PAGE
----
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Phoenix Suns’ Alex Len having career year ahead of restricted free agency

NBA: Phoenix Suns at Orlando Magic Reinhold Matay-USA TODAY Sports

We have written a lot about Alex Len in this space, and unfortunately since his career-best second season with the Phoenix Suns most of the reviews have been less than stellar. Len stagnated in 2015-16, nearly recorded the worst shooting percentage in NBA history for a 7-footer while his defense slipped as well.

Some fellow big men from the 2013 NBA Draft have been given lucrative contract extensions, yet Len has decided to bet on himself and wait until next summer for his huge payday.

If the first month of the season is any indication, Len made a good bet.

On the same minutes per game as last year (23), Len is posting career highs in scoring (9.4, on 49.5% shooting), rebounding (8.2) and has recovered his shot-blocking touch (1.4) while reducing his turnovers (1.3).


After nearly a month of play, Len is third in the entire league in shots contested at 13.9 per game, trailing only the Bulls’ Robin Lopez and Golden State’s Draymond Green. Notably, Len plays the fewest minutes per game (23) of all the top 10 shot-contesters.

Len is tops so far this season among 2013-drafted centers in defending the rim, holding his opponents 12% below their normal shooting percentage in that area when he’s the defender. Across the league, he’s 10th in that category among NBA big men who have defended at least 3 shots per game in that area.

This is quite an improvement over last season when Len was third from the bottom on this same metric. Some credit goes to the scheme the Suns are playing this year, where they have the big men sag to the rim and let the guards defend the mid and long range, and some goes to Len himself.

What’s interesting, and probably against the trend of the NBA in general, is that both Len and fellow center Tyson Chandler average 0.0 charges drawn per game while committing more fouls than ever. This jives with Watson’s goal of being aggressive on defense rather than passive, and flopping has long been considered the non-aggressive way out on defense. The Suns lead the league in fouls committed with a defensive scheme geared to contest shots in the paint with the intent to stop the score and/or commit a foul, rather than try to draw an offensive foul on the other team.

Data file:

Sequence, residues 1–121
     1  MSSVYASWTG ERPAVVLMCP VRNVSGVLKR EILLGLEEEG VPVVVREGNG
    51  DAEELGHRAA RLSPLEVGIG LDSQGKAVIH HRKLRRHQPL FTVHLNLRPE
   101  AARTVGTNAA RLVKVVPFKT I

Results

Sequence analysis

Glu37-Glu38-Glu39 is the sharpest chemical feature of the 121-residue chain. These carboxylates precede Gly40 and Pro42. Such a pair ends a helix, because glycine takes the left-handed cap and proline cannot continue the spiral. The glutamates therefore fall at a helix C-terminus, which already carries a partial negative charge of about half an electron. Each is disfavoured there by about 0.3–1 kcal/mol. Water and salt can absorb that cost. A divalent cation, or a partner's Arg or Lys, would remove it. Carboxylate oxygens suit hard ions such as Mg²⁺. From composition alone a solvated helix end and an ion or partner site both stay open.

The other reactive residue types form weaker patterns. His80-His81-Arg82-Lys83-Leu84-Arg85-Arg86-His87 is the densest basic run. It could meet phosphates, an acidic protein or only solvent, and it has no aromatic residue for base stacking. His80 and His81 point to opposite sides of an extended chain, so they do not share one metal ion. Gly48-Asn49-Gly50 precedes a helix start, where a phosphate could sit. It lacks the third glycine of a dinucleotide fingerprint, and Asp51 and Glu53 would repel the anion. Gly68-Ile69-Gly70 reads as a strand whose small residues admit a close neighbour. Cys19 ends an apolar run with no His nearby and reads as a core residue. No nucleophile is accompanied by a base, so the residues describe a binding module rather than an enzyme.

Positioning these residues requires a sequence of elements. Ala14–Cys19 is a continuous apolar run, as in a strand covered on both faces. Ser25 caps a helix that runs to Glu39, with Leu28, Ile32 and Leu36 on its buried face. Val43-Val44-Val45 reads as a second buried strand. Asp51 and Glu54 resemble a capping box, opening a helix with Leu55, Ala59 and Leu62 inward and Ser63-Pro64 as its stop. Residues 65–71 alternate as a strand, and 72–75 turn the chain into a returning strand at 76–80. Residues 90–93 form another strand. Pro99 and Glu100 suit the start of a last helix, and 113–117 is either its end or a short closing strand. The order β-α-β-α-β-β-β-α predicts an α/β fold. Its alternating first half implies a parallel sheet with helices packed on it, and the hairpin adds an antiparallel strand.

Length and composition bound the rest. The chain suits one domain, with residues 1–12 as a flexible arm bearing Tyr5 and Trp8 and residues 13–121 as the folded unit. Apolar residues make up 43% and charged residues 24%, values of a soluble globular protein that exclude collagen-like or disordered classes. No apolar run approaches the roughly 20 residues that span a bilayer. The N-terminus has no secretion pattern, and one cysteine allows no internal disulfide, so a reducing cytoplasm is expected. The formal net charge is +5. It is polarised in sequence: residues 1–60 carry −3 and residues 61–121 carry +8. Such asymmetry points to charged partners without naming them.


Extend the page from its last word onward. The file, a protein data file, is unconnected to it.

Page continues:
On the other end of the court, Len has simplified his game this season and is now approaching a quite respectable 50% shooting percentage on the season. He’s shooting fewer jumpers and making a few more at the rim than a year ago. It helps that he’s playing full time center this year, rather than trying to moonlight as a power forward.

He is also 10th in the league with 3.9 screen assists per game: plays on which screens thrown by a player result directly in a made shot by the teammate for whom he screened. Tyson Chandler ranks third in this category with 5.0 per game.

As I mentioned last week, much of the Suns offense comes from the ball handler being the scorer - be it Devin Booker, Eric Bledsoe, Brandon Knight or T.J. Warren - which can only happen if the big man provides effective screens as the ball handler drives by.

Compared to peers

It’s still just one month into the season, but Alex Len leads all big men from his draft so far in defensive rebound percentage and is second in total rebound percentage.

Len won’t be a star, but he has become a very respectable rotational big man in a league that is seeing a resurgence at the center position. For years, many thought the NBA center was a dying breed, but the emergence of players like Karl-Anthony Towns, Joel Embiid, Kristaps Porzingis, Myles Turner to go along with Rudy Gobert, Mason Plumlee, Andre Drummond, Steven Adams and others brings in a new era of 7-footers dominating the game. Teams will need a guy like Alex Len who can play big against the league’s biggest men.

Most of the newest NBA breed combine old-school skills like Len’s and Gobert’s with a long-range shooting touch that Len doesn’t yet have, and Len isn’t very good defending in space out on the perimeter.

But Len can hold his own in the paint against the NBA’s biggest players, and that’s a necessary skill that will never die out.

I came into the season mostly expecting the Suns to move on from both Tyson Chandler and Alex Len next season. I expected the Suns to sign a journeyman center to a low-level deal and give time to Marquese Chriss and Dragan Bender there next year.

While I still think something like that could (and probably should) happen, the emergence of so many good 7-footers might just make bringing back Len, sans Chandler, could make re-signing Len a good bet.

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